Overall, this highly integrated campaign was a success unlike any other Regus had seen. The campaign increased leads to Regus’ Manhattan locations by 30%, directly resulting in a 114% increase in revenue compared to the same time period in the previous year. Furthermore, there was a 33% percent conversion rate on leads generated through the New York landing page, compared to a 12% conversion rate on 2008. The success of the campaign also prompted Regus to have Affect implement similar campaigns in five additional markets in Q1 of 2010.
Sandra Fathi, president of Affect Strategies, attributes the success to being able to more accurately reach Regus’ target audience through niche communities:
“Social media enables companies to engage directly with their target audiences. In many instances, these audiences self-identify online as interested in specific topics, themes, products and/or services and congregate in groups, message boards or communities. This allows companies to pinpoint their target audiences and engage with them in a meaningful way — providing insights, information, education and support. This type of focus is fertile ground for lead generation and driving revenue for business-to-business marketing.”
The key to success in this case was connecting directly with target audiences in places that Regus hadn’t considered, such as Twitter( ) and Facebook( ). Furthermore, messaging was targeted for a specific region, which spoke volumes to New York professionals in need of offices.
2. Create a Specialized Community
Reaching the correct audience is one of the most important tasks in marketing — otherwise, you’re just wasting resources on the wrong people. When you can’t find the right audience, sometimes the best idea is to create a place for them to flock. That’s what Kinaxis, an Ottawa-based supply-chain software company, did.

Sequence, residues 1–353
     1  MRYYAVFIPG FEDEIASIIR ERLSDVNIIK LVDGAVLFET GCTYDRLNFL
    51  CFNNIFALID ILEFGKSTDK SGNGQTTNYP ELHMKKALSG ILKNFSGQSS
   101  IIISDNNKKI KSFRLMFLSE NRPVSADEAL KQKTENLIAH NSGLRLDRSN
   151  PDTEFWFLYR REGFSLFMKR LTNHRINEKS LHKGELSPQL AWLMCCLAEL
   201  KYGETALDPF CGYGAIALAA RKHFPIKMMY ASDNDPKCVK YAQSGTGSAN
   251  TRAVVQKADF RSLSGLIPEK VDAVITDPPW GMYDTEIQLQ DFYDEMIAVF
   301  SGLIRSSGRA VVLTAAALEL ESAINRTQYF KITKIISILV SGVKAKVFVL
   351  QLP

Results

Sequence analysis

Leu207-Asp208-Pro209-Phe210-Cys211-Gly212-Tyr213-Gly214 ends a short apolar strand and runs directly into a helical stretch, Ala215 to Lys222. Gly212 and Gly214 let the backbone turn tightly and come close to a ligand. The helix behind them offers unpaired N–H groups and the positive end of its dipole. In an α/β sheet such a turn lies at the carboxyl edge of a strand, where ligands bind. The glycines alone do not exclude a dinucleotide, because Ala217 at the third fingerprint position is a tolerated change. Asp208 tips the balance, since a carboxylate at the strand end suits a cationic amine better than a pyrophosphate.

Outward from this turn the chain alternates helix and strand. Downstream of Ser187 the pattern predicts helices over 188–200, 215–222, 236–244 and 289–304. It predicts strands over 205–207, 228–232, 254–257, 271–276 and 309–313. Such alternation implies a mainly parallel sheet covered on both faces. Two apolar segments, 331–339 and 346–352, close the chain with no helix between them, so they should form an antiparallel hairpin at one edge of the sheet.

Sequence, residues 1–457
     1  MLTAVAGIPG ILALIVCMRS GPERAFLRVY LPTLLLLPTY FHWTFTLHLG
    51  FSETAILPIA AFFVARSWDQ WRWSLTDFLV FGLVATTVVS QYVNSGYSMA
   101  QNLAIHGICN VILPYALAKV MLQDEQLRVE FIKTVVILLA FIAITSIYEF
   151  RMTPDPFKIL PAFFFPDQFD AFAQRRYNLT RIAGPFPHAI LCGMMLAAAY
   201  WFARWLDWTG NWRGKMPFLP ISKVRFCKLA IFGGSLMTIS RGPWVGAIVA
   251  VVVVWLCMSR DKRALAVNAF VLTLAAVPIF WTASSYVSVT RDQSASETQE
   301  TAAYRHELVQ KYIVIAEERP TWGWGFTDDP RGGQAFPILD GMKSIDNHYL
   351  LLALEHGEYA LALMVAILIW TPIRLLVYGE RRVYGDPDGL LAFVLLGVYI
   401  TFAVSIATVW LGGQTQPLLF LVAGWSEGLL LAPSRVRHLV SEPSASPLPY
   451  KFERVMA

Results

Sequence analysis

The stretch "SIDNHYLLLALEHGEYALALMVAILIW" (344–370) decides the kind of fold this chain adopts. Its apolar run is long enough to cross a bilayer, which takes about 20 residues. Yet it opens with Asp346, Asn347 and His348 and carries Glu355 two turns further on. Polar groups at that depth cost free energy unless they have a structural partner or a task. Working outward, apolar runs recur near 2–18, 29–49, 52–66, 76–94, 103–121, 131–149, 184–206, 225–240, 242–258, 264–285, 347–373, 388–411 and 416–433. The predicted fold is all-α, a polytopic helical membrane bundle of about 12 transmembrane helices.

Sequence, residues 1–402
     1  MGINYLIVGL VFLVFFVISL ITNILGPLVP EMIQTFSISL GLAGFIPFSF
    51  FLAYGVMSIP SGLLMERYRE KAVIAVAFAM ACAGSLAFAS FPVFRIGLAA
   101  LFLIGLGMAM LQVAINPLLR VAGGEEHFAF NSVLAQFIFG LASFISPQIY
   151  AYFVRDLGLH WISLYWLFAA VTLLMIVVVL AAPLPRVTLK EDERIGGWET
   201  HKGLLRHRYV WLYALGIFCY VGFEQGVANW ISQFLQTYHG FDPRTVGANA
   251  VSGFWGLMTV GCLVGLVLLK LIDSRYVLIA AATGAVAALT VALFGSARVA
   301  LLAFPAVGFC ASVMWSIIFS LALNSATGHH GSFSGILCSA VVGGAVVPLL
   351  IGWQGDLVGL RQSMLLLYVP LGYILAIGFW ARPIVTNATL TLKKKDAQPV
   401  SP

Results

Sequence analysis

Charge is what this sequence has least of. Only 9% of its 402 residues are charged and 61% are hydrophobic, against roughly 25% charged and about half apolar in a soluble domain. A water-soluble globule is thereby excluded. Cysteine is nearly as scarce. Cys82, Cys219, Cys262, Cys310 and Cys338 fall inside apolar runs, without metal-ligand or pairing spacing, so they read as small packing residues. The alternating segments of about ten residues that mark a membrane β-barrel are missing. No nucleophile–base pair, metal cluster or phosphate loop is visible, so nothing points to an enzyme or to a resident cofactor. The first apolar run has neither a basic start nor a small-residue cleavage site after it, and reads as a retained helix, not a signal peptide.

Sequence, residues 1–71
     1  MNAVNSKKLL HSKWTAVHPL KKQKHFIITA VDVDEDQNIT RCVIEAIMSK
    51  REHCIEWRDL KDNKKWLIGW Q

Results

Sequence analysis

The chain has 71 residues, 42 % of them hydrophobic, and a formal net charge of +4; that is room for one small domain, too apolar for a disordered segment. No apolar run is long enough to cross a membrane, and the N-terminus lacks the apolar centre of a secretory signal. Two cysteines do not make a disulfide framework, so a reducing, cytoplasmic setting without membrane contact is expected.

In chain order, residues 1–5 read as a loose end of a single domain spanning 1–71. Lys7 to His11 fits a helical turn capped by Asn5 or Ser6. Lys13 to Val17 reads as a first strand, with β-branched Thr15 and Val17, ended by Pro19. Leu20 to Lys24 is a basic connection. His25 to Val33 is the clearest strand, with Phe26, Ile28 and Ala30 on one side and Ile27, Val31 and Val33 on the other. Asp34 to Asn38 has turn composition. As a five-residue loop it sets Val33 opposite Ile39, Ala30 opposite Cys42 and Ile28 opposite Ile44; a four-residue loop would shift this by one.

Earlier this year Kinaxis won B2B Magazine’s Social Media Award for Best Integrated Campaign for its social media prowess. The company started a blog, participated in LinkedIn( ) and engaged on Twitter. But to kick things up a notch, it built a community for supply chain management specialists to congregate. The Supply Chain Expert Community launched in August 2009 and is home to 3,620 members and counting. For a niche community, that’s a feat.
From 2008 to 2009, Kinaxis saw a 270% increase in web traffic to Kinaxis.com and a 320% increase in conversions (customer leads), as a direct result of introducing the community. From a business momentum perspective, Kinaxis achieved double-digit growth in its software subscription revenue, and for the first half of 2010, as compared to the second half of 2009, it saw the following results:
- 230% increase in community members
- 65.2% increase in web traffic to the community
- 26% increase in web traffic to Kinaxis.com, with the community accounting for about 40% of all new visitors
Kinaxis believes that creating the community allowed them to offer an online destination for professionals to bond over common industry problems and facilitate discussion on ways to solve those problems, which resulted in strengthening customer relationships. The community, along with the 21st Century Supply Chain blog, also enabled the company to increase exposure through social media and improve SEO, as content is shared through its social accounts.
3. Improve SEO
During the past year, Delivra, an e-mail marketing service provider, has invested in B2B social media marketing, including presences on Twitter, Facebook, LinkedIn and a corporate blog, dubbed eMailChatr. Since implementing and maintaining these properties, the company has seen a 70% increase in inbound leads, as compared to the prior year, and its SEO rankings for major keywords have jumped over 20 pages in one year.
In this case, a blog full of useful and targeted content, enhanced by syndication across various social sites and subsequent interactions with its community, led to Delivra increasing SEO and growing a reputation for trusted e-mail marketing advice.